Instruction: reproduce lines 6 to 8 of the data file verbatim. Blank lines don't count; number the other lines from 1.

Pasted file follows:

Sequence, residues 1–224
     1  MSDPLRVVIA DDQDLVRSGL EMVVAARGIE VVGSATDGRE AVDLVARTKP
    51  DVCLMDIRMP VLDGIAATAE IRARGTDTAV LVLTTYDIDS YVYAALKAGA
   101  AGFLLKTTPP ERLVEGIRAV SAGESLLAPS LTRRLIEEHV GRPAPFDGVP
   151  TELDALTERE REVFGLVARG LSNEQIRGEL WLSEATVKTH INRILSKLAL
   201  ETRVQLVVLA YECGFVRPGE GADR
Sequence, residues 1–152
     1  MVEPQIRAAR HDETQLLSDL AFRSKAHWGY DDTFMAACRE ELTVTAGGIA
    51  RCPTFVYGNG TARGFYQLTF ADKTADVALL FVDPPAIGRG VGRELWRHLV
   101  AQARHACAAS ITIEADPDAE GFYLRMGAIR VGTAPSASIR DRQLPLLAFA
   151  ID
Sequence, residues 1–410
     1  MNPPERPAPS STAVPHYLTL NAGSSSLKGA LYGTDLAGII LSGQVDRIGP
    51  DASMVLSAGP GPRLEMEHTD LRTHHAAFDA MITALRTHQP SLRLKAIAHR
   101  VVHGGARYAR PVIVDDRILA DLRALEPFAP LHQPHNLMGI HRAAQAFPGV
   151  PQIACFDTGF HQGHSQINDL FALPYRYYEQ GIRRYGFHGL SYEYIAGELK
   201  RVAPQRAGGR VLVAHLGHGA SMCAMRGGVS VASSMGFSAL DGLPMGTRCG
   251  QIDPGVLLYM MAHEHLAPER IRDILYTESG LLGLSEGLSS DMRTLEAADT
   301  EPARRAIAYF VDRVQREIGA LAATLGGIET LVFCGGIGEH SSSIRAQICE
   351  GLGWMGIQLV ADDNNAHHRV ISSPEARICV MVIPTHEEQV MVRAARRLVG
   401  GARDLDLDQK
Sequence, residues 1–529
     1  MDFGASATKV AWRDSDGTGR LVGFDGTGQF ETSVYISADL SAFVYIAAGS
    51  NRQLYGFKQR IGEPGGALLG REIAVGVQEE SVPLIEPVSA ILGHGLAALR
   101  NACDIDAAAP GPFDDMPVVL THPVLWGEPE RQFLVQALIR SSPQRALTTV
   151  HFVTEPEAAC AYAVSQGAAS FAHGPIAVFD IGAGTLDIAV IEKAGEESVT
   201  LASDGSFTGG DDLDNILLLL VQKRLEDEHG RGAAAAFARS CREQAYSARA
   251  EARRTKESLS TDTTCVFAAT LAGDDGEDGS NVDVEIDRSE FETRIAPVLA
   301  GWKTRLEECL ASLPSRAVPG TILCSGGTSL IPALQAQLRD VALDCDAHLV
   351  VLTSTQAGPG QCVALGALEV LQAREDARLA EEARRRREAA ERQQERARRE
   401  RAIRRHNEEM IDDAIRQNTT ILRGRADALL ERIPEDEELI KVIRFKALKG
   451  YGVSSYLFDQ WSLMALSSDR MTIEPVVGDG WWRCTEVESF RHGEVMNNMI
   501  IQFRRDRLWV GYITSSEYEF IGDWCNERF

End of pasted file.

   201  ETRVQLVVLA YECGFVRPGE GADR
Sequence, residues 1–152
     1  MVEPQIRAAR HDETQLLSDL AFRSKAHWGY DDTFMAACRE ELTVTAGGIA